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Richmond's Confederate Monuments


As cities across the U.S. continue to rethink their Confederate monuments, nowhere is the process more difficult than in Richmond, Va., the capital of the Confederacy during the Civil War. A commission appointed by the mayor issued its recommendations last week of which statue should stay and which should go. Megan Pauly of member station WCVE has more.


MEGAN PAULY, BYLINE: A towering monument to Jefferson Davis sits in the middle of four other Confederate statues at intersections along Richmond's residential Monument Avenue. There's one to Robert E. Lee, J.E.B. Stuart and Stonewall Jackson. A century ago, this avenue was one of the most fashionable places to live in the city in part because of these Lost Cause-era memorials, including that of Jefferson Davis. As many as 200,000 people gathered for the multi-day unveiling ceremony in 1907.


LEVAR STONEY: The story is, at best, an incomplete story, equal parts myth and deception. It was written in stone and bronze more than 100 years ago.

PAULY: That's Richmond Mayor Levar Stoney last summer when he announced the Monument Avenue Commission. Originally, the panel was tasked with adding context to the Confederate monuments. But then a rally in Charlottesville turned deadly over removal of Civil War-era statues there. Stoney then asked the commission to also consider removing the monuments. But that work was put on hold when protests broke out along the boulevard in Richmond.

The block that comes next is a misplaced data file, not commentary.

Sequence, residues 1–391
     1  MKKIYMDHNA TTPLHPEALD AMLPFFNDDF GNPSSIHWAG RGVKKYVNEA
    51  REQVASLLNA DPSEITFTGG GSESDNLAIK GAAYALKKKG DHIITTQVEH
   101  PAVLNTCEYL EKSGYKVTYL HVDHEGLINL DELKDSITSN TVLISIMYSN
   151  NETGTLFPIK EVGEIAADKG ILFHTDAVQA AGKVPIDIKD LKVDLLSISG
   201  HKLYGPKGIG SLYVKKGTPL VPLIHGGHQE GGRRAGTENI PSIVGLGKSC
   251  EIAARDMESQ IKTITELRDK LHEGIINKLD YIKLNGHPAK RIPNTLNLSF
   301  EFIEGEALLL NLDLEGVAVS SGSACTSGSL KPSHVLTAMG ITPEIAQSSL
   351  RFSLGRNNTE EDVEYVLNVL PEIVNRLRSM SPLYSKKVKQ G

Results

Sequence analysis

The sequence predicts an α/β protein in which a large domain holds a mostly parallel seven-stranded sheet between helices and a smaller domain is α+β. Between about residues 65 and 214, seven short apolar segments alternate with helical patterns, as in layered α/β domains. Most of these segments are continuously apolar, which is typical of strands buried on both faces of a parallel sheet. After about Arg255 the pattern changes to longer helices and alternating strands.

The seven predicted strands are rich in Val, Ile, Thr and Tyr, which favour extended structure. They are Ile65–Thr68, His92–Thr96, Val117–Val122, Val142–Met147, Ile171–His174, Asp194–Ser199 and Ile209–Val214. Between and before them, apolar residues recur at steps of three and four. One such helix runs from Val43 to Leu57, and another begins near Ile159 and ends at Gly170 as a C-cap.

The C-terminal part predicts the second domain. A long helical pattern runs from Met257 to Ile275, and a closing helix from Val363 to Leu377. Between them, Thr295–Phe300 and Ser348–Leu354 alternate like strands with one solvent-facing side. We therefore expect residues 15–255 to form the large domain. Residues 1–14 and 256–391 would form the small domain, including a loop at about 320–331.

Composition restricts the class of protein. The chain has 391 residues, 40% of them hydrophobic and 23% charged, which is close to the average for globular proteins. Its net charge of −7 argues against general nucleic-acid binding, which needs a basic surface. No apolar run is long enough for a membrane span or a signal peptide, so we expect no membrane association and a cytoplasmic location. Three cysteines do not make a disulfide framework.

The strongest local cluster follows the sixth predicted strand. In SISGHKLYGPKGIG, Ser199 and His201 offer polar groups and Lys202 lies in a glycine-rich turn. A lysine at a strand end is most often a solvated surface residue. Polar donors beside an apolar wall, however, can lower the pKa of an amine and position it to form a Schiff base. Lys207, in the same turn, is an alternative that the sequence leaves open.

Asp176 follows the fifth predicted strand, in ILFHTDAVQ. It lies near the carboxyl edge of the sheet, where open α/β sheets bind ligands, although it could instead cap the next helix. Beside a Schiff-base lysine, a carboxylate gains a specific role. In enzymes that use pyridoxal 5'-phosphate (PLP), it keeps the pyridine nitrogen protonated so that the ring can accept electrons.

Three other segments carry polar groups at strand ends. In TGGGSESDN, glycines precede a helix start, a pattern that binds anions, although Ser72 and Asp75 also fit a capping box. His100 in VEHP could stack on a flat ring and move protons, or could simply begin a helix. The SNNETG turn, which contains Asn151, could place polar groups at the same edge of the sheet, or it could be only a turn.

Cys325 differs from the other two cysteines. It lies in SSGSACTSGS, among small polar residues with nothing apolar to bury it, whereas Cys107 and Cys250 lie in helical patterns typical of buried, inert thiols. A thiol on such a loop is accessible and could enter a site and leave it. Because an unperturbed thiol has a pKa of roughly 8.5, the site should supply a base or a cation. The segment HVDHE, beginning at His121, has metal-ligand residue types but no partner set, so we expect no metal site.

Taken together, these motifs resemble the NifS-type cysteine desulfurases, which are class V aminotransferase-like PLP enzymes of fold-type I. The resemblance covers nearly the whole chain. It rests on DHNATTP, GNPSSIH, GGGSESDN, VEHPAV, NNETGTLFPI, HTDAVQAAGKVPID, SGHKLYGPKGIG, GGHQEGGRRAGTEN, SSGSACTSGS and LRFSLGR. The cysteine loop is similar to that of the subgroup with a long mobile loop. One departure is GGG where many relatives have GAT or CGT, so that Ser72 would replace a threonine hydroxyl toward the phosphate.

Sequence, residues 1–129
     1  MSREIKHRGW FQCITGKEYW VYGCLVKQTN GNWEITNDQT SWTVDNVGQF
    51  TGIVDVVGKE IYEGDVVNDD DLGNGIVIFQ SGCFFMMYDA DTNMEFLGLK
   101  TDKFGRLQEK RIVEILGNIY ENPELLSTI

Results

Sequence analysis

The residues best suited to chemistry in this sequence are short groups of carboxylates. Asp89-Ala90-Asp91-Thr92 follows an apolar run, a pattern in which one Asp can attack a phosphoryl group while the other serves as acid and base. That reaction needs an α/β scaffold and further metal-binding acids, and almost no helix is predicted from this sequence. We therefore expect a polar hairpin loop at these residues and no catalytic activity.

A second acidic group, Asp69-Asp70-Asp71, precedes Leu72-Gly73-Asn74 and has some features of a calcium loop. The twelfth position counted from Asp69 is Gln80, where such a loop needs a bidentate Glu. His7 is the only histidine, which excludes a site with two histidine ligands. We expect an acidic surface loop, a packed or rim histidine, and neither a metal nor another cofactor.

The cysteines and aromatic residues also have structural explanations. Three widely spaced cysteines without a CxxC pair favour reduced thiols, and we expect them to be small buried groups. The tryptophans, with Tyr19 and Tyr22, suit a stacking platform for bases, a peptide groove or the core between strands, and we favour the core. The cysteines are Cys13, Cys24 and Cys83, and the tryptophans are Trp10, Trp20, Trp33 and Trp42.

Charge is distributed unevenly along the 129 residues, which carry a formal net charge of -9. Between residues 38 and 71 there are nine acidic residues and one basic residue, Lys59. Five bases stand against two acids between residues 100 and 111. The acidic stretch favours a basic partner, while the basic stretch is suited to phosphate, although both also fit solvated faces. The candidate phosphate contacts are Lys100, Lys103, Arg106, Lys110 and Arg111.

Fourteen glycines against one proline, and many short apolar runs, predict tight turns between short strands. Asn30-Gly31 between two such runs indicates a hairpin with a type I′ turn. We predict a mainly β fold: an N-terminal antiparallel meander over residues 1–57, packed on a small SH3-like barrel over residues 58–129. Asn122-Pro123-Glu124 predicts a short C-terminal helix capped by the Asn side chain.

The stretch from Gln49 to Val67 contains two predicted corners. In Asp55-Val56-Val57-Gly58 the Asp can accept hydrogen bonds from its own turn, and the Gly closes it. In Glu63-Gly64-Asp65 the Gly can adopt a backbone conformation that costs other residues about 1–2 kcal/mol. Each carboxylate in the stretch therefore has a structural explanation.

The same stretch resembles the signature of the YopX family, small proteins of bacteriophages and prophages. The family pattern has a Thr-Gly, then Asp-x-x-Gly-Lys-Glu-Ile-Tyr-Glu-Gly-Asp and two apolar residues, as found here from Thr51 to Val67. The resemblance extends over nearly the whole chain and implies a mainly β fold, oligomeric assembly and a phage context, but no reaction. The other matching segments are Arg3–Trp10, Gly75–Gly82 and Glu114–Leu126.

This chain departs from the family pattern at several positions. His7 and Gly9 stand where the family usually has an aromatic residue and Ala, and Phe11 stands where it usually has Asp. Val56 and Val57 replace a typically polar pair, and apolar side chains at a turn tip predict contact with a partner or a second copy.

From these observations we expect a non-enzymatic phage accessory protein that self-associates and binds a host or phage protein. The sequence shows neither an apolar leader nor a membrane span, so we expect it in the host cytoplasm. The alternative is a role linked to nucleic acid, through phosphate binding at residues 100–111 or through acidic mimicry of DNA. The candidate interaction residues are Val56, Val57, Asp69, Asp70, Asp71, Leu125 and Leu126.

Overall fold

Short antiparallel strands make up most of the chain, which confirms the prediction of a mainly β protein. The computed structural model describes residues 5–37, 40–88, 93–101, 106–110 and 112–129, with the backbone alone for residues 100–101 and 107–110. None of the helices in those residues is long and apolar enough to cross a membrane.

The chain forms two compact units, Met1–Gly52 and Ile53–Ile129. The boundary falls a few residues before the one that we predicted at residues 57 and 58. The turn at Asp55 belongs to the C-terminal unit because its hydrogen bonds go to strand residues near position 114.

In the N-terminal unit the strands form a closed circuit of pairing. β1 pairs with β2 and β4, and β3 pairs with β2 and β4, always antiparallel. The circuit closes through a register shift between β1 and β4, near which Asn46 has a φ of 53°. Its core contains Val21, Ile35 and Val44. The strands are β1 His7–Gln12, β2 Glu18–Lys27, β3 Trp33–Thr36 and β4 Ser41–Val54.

PAULY: Still, Stoney says he hasn't lost his resolve to change Monument Avenue.


STONEY: We have to do something about this. We have to provide some sort of change. That's what the people want.

PAULY: More than 1,200 residents showed up at the meetings. Ultimately, the commission recommended removing only one Confederate monument, that of Jefferson Davis, saying it was the most unabashedly Lost Cause in its design and sentiment. The commission's report highlighted groups, like Virginia Commonwealth University's mOB Studio, that are working to reimagine the boulevard. Adele Ball is project manager for an international design competition.

ADELE BALL: We are all hopeful that, in the event that this kind of, like, magic bullet design surfaces, it might lead to some sort of built solution.

PAULY: Ball says they're considering the entire 5-mile-long stretch of Monument Avenue, not just the mile currently occupied with Confederate statues. What happens next is ultimately up to the state. Virginia law currently bars removal of memorials to war veterans, like Jefferson Davis. For NPR News, I'm Megan Pauly in Richmond. Transcript provided by NPR, Copyright NPR.